Earlier this year when Norway sought to export the meat of the hunted whales to Japan, Japan balked. It cited heavy contamination of the “meat” with pesticides like aldrin, dieldrin and chlordane that are known to cause birth defects and even cancer.

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Factory Fish Farms

Norway is also the world’s largest producer of Atlantic salmon, and the second biggest exporter of seafood. Most of Norway’s fish farms resemble factory farms on land. They are crowded, mechanized, and often riddled with sea lice. The concentrated fish wastes are polluting, too, realities that the Norwegian fisheries department admits are environmental hazards. Still, the fishing industry is economically important and has strong government support. Interestingly, the world’s top exporter of seafood is…China.

A Vegan in Norway: Food, Policy, and Public Attitudes (Part III)

Mia MacDonald traveled to Norway in October 2015 to visit the Nobel Peace Center in Oslo and to be a tourist. This blog is the third in what will be a four-part series on her experiences and observations during the trip.

Literature House

Away from Fragrance of the Heart. I got the sense that “vegan” and “vegetarian” are becoming more mainstream in Norway, both the words and the ideas behind them. The existence of the Vegan Oslo website and app suggest this, and the creators of that say Vegan Norway versions are in the works. Some other evidence: I had dinner one evening at Oslo’s Literature House and the menu had vegetarian options. When I asked about a vegan meal, the chef came out of the kitchen, spoke to me in perfect English, and prepared a really nice vegetable plate with orzo, Italian pasta, leafy greens and mushrooms that tasted like they’d just been dug up from the soil. My Norwegian colleagues suggested that maybe they had been; after all, it was summer and I learned Norwegians love foraging, particularly for berries.

At another dinner, in a home just outside Oslo, my hosts cooked an excellent vegan pasta dish for me – fresh mushrooms, spinach, and lots of garlic and olive oil – that they ate too…although along with a plate of lamb chops. The concept of “hipster” is in among Oslo’s young people, one of my hosts told me. Her teenage daughter is a fan of “hipsterism”, and the Grünerløkka neighborhood of Oslo, which I’d planned to visit, was a center of hipsterdom.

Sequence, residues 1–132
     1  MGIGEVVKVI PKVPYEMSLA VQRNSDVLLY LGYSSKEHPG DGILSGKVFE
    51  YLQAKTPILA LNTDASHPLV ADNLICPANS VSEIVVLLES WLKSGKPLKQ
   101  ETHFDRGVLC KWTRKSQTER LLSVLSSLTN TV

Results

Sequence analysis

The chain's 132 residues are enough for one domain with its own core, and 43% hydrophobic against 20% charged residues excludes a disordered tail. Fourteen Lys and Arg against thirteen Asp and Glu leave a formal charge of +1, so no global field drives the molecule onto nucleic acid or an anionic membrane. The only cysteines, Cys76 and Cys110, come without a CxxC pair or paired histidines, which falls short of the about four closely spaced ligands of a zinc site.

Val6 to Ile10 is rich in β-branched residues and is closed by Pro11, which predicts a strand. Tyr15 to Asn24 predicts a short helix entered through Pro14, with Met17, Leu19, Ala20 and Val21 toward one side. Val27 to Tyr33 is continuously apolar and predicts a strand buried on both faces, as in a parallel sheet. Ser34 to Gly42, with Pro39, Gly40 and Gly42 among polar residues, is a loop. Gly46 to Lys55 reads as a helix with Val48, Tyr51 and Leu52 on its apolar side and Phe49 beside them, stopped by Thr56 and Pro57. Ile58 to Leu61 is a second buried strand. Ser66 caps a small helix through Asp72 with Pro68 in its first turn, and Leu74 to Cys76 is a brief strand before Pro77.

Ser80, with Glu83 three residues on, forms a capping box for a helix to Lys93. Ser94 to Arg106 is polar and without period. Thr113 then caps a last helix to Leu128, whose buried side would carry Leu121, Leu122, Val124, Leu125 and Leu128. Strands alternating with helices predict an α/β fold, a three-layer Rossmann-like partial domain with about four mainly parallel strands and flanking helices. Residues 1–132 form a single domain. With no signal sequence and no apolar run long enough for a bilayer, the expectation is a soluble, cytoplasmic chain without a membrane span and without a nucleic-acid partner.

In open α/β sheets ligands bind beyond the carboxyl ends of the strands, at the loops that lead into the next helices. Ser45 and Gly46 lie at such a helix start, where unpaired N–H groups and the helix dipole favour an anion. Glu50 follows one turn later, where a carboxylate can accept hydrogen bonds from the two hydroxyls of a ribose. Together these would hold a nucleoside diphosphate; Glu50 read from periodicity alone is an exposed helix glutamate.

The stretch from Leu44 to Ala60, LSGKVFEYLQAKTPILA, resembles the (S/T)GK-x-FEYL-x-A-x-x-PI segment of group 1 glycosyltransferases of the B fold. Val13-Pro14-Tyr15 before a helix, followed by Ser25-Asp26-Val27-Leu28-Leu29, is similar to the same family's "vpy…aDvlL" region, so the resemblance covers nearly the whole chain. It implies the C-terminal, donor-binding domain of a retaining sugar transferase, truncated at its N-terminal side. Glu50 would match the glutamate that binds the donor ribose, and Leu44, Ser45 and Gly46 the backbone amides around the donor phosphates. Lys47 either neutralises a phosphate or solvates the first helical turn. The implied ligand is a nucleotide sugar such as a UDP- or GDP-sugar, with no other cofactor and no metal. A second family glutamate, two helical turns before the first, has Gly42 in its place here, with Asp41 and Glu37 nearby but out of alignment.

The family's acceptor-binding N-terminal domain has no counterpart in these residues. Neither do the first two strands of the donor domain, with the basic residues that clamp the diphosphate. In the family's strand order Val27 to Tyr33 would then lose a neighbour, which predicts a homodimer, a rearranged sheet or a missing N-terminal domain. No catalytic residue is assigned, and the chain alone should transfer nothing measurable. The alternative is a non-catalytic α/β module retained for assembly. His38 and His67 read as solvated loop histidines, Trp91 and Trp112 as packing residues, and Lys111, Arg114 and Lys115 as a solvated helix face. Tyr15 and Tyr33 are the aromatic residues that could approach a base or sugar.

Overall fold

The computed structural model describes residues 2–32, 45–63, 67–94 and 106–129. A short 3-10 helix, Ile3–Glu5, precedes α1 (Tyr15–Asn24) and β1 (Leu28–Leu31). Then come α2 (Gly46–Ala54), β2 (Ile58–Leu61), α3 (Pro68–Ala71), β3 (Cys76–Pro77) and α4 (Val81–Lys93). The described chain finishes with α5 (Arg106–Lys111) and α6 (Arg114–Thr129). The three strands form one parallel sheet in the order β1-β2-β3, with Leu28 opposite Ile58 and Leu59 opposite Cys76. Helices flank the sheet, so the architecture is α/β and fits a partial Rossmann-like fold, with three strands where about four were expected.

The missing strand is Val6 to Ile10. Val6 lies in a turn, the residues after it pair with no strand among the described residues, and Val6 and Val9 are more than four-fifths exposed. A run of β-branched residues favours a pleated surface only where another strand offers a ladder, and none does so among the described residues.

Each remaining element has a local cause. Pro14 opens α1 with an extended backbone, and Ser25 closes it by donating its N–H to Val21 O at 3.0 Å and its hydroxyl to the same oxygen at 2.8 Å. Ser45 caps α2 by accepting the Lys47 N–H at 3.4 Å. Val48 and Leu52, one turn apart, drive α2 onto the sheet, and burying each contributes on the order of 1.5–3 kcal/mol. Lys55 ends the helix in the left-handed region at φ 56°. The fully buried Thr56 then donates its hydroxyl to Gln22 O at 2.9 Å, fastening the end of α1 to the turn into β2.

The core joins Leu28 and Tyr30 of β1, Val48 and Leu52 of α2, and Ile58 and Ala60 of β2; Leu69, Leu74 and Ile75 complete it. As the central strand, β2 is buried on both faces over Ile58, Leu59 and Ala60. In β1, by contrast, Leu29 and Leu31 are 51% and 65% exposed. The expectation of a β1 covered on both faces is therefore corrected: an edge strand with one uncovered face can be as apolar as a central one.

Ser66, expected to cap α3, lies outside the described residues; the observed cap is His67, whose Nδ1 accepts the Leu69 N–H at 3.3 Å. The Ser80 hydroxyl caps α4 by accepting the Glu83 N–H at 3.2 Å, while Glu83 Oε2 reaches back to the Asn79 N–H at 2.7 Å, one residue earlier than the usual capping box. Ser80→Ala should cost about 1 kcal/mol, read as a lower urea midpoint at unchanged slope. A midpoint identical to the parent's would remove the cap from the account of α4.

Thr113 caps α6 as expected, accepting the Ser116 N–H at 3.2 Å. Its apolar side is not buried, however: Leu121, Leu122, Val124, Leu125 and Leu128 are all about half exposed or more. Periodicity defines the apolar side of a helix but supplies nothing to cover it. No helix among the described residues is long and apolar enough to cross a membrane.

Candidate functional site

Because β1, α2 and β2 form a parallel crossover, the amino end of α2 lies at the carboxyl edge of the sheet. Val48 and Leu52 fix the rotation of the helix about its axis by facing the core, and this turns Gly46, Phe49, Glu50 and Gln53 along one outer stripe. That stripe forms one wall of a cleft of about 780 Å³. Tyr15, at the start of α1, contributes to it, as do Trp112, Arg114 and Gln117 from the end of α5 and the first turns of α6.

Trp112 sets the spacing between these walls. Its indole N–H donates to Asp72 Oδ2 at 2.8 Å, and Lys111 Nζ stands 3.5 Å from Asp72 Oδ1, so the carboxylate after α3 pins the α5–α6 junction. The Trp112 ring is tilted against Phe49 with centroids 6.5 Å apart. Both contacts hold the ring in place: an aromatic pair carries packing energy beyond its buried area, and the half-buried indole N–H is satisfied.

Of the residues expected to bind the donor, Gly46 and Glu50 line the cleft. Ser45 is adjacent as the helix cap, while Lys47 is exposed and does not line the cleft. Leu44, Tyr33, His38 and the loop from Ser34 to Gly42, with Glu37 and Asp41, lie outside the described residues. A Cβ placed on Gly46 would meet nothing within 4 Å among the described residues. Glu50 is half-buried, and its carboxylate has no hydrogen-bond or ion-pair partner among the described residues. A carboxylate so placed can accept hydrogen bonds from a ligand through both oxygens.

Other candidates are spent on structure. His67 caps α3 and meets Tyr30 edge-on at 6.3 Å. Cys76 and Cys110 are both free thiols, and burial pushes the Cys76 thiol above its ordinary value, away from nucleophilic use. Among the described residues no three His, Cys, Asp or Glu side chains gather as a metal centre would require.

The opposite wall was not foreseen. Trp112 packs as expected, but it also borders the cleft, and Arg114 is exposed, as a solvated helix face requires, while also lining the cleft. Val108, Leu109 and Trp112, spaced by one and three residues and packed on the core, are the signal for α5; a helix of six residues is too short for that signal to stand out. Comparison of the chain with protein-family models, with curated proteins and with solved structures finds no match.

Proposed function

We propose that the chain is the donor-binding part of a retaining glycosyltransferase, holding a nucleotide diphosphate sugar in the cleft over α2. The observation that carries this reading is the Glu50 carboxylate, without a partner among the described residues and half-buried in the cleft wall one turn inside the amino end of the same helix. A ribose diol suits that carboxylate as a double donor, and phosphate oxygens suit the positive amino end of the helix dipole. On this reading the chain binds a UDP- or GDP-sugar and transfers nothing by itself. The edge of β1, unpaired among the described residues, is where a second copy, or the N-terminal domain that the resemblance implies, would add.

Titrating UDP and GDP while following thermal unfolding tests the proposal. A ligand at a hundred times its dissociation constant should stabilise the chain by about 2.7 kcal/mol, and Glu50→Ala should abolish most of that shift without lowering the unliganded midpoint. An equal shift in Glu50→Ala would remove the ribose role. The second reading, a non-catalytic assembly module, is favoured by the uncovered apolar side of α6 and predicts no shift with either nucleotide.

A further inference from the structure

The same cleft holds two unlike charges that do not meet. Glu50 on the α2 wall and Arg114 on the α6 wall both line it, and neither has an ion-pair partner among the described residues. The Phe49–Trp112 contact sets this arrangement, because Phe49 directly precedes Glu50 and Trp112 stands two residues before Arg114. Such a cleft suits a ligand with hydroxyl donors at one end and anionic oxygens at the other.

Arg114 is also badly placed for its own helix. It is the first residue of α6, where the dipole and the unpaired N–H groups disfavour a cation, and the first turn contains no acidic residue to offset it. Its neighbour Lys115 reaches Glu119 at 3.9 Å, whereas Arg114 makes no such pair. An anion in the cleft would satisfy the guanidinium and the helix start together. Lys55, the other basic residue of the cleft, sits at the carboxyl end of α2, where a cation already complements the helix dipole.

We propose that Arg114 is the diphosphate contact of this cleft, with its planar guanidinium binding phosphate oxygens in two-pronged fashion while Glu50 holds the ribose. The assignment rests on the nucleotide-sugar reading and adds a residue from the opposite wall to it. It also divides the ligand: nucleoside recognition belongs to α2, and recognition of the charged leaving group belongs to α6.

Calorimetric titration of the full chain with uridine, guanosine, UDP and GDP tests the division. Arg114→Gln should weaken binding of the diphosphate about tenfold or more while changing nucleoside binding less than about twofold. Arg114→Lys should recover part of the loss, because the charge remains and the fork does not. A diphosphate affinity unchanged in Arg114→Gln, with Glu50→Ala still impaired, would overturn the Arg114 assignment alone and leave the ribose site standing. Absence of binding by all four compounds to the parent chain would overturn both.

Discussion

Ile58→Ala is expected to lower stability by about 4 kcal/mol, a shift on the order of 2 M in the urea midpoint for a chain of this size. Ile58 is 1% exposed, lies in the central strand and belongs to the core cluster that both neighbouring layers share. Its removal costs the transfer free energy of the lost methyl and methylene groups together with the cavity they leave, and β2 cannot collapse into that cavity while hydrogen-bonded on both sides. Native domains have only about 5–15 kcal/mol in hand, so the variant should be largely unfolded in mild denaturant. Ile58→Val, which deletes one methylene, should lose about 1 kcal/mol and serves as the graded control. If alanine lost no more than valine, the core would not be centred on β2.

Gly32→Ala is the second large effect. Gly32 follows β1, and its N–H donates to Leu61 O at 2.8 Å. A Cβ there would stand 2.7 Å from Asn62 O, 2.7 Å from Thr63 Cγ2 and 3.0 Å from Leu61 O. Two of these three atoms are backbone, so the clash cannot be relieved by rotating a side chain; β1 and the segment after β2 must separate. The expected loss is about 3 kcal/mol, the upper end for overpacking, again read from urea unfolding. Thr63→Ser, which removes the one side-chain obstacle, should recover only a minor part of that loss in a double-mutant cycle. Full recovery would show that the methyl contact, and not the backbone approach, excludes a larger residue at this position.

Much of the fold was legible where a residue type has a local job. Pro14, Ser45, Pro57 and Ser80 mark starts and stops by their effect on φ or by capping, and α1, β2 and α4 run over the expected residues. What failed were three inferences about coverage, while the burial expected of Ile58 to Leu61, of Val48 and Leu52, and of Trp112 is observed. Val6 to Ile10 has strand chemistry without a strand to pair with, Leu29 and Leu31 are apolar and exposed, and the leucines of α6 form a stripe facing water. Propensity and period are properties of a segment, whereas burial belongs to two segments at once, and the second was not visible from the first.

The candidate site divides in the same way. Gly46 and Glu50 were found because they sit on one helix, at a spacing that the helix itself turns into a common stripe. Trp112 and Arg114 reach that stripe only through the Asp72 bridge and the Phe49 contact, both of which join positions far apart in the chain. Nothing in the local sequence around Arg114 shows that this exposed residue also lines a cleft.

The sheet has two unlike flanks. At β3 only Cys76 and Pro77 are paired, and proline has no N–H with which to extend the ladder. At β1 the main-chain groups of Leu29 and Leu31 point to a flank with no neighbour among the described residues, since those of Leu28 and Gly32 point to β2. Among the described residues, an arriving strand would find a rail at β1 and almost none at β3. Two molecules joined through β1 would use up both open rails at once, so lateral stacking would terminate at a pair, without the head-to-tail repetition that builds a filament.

Grunerlokka-today

I set off for Grünerløkka the next day. First I visited the Edvard Munch Museum, and then strolled through the botanical gardens on a rainy, cool day that made the shrubs and flowers look fresh and lovely. The weather was a sign that the Norwegian summer was coming to an end. On the western side of the gardens, I explored some of the terrain of Grünerløkka. I passed Middle Eastern restaurants, cafes, and several small shops stores selling vegetables. I’d expected to see mostly potatoes or other plants that grow in the ground, a monochrome display. But I was pleasantly surprised by how much produce was available and the varied colors and textures of it; perhaps they were made more vibrant by the backdrop of grey weather.

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Mountains and Fjords

I was also on the outlook for a vegan restaurant, housed on a street I could see on my map. I’d anticipated a good meal. I couldn’t, though, find the number. And I didn’t have service on my phone to open up the Vegan Oslo app, even though it would have been a perfect time to use it. So, I never got to what I thought was my destination. Instead, I found myself back near the center of the city. I ended up eating the free dinner in my hotel. It wasn’t terribly vegan friendly, but I could eat several salads and bread, and that was good enough. That was my last night in Oslo. I never got to leave the city to visit the mountains and fjords as part of an epic, 12-hour (or more) train journey I’d read about. I simply didn’t have enough time. Maybe that means a return visit is in order and without another gap of 10 years.

 

Vegan Exposures in the Latest Sustainable Events in D.C.